Mona Lavender

Meet a pretty-in-purple houseplant that’s easy to grow.
Plectranthus 'Mona Lavender'

Plectranthus 'Mona Lavender'

Plectranthus 'Mona Lavender' stands up to high heat and has excellent heat and drought tolerance as well as intense color.

Photo by: Image courtesy of Ball Horticultural Company

Image courtesy of Ball Horticultural Company

Plectranthus 'Mona Lavender' stands up to high heat and has excellent heat and drought tolerance as well as intense color.

Love purple? Then ‘Mona Lavender’ plectranthus is the houseplant for you. This tropical beauty is a tough little plant. With cousins like mint, Swedish ivy and creeping Charlie (of lawn weed fame), it’s easy to guess that ‘Mona Lavender’ is a cinch to grow. This purple plectranthus thrives with minimal care. If you typically kill houseplants, take a gamble on Plectranthus ‘Mona Lavender’.

Plectranthus ‘Mona Lavender’ is a member of a large group that includes plants from Asia, Africa and Australia. The pretty ‘Mona Lavender’ is a type of spurflower and hails from South Africa, where it was developed at the Kirstenbosch Botanical Garden in Cape Town. ‘Mona Lavender’ plectranthus is a hybrid created by crossing stoep spurflower (Plectranthus saccatus), which has very large lavender blooms, with candle plant (Plectranthus hilliardiae), which has green leaves with purple backs. 

‘Mona Lavender’ expresses the parental traits of colorful leaves and large lavender blossoms. It’s attractive year-round, in flower or out. This beauty is also versatile, thriving indoors as an easy-care houseplant or outdoors as a no-fuss shrubby perennial. Raised indoors or out, the secret to outstanding leaf color is light. The brighter the light, the more intense the leaf coloring becomes, both the green above and the purple beneath.  

Indoors, give ‘Mona Lavender’ plectranthus a spot near a bright east or south window. When temperatures rise above freezing in late spring, shift plants outside for the summer. A spot that receives bright, indirect light works well, as does an area that receives morning sun. Outdoors, tuck this pretty purple plectranthus into a spot with part sun to light shade. In southern and western regions with mild winters, protect ‘Mona Lavender’ from hot afternoon sun.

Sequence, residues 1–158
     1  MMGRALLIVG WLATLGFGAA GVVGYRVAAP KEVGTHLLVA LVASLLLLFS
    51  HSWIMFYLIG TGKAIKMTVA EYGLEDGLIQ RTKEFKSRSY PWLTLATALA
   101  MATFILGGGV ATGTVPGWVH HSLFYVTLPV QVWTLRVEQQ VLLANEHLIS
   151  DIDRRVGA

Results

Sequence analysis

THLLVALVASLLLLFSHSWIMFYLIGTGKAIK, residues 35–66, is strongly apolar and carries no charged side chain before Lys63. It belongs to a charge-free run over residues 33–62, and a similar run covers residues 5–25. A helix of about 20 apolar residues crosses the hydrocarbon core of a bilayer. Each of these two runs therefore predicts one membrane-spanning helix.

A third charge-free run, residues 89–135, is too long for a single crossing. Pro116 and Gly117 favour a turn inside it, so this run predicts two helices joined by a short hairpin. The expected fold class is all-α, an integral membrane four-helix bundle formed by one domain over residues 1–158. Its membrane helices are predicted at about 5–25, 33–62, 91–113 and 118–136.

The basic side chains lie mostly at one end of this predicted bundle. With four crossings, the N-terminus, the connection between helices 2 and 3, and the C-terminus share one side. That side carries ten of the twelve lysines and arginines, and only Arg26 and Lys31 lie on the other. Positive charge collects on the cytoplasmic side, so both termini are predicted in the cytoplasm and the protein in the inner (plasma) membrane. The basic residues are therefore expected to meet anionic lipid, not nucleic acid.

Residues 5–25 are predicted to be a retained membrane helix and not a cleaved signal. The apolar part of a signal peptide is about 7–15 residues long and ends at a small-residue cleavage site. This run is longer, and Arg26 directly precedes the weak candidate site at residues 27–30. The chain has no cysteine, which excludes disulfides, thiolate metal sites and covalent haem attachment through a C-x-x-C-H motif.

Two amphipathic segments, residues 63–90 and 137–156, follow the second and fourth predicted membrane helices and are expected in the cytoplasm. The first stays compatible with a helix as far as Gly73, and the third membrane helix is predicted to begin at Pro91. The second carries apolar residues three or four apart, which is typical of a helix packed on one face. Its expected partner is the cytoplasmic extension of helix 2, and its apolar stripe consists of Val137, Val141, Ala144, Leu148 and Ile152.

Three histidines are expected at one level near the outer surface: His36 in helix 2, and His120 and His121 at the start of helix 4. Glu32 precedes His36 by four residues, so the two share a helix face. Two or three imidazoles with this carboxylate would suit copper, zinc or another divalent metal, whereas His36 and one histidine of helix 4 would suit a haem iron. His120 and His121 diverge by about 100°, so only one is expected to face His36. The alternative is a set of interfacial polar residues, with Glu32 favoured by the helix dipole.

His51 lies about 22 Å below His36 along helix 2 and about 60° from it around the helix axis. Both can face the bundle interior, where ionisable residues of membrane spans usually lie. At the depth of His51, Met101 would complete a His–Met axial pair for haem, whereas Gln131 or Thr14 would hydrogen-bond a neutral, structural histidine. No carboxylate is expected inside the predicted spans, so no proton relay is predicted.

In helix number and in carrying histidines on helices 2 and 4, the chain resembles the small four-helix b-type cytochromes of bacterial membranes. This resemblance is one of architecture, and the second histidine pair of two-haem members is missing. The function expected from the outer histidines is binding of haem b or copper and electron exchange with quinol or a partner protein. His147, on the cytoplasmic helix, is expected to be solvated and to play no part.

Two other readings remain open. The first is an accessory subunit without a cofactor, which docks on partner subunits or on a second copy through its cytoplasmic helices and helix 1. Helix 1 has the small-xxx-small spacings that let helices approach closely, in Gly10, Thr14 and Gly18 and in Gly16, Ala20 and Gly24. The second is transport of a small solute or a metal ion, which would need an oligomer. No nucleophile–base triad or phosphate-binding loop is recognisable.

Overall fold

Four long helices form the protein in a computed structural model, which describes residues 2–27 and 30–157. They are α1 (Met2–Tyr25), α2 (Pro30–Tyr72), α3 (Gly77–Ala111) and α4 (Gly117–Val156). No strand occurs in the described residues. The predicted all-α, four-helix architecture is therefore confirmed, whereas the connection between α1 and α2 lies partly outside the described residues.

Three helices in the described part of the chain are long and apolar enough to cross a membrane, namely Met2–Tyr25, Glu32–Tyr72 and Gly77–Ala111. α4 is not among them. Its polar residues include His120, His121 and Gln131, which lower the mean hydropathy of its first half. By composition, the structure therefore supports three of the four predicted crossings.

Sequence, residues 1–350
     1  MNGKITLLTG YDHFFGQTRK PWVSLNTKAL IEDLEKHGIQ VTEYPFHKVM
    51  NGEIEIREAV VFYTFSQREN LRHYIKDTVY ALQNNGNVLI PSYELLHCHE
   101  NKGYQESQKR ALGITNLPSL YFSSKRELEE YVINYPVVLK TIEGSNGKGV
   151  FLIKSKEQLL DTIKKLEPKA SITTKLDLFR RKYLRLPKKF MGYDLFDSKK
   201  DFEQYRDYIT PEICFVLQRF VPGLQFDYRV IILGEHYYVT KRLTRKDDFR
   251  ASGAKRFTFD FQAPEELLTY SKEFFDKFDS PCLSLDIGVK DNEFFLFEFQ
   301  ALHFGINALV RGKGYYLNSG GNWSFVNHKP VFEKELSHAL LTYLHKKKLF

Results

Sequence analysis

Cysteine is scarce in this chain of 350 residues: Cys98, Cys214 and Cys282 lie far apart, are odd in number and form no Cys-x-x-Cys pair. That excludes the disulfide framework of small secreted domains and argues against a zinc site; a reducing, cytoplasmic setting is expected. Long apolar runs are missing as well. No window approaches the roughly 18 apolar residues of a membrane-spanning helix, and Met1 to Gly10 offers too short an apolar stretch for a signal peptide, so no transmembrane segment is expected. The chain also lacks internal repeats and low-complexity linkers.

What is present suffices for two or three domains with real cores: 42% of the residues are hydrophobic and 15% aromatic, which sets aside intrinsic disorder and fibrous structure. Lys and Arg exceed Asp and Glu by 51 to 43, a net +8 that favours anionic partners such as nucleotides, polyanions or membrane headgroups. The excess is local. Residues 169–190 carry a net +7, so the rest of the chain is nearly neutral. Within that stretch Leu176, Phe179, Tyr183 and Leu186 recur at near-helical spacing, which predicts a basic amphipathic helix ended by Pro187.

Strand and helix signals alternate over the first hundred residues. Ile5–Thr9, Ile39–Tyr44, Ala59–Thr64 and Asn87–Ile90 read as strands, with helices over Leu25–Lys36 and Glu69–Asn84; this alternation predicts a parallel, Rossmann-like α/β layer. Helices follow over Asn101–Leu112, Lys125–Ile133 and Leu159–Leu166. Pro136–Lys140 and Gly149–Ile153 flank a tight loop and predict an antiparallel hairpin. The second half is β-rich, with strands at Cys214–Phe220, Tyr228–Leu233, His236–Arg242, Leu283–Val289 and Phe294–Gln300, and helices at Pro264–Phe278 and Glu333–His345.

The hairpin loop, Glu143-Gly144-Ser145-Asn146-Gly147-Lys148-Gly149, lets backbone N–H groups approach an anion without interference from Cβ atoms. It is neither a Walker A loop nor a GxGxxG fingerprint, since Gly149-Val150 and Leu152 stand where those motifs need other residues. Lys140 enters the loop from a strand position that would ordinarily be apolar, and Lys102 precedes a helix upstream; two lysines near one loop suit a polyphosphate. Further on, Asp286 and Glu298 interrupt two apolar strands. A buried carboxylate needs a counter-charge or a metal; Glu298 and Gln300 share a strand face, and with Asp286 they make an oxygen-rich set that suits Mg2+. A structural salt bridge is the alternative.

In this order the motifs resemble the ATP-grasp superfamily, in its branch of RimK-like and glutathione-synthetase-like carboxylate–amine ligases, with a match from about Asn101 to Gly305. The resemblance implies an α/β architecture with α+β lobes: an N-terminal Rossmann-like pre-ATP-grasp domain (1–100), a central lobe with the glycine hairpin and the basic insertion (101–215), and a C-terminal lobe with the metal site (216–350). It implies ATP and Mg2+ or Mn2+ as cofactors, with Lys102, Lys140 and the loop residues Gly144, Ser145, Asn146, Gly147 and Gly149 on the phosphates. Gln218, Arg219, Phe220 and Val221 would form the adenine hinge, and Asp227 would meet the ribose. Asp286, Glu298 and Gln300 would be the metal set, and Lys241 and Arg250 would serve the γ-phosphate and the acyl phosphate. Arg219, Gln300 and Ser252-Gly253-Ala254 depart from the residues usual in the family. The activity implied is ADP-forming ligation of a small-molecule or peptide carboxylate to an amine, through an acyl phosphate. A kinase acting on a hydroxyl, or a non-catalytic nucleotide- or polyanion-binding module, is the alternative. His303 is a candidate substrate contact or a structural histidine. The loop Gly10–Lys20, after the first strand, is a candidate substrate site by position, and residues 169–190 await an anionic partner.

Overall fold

Plectranthus ‘Mona Lavender’ is winter hardy in Zones 9b to 10 and withstands light frosts (temperatures down to 25 to 30 degrees F). In the landscape, expect ‘Mona Lavender’ to grow to 12 to 24 inches tall and wide. In planting beds, tuck plants into well-drained soil amended with organic matter. In containers, use a soilless mix designed for use in pots. 

Pinch young plants regularly to encourage branching and fuller, bushier plants. Feel free to snip long-growing stems, especially in northern regions in winter, when growth might become lanky. These cuttings root easily in water and can be tucked into pots to start new plants.  

‘Mona Lavender’ is a short day plant, which means that as days become shorter, the plants shift into flowering mode. Striking lavender blooms open on a spike that stands above leaves. In mild winter regions, plants can flower steadily from fall through spring. Flowering tends to taper off as temperatures soar and days lengthen. In northern regions, the flower show kicks off as warm summer days shorten into cool fall nights. Flowers may continue to appear through winter.  

The name plectranthus comes from the Greek words “plectron,” which means spur, and “anthos,” which means flower. The flowers of a plectranthus typically have a spur at the base, and ‘Mona Lavender’ is no exception.

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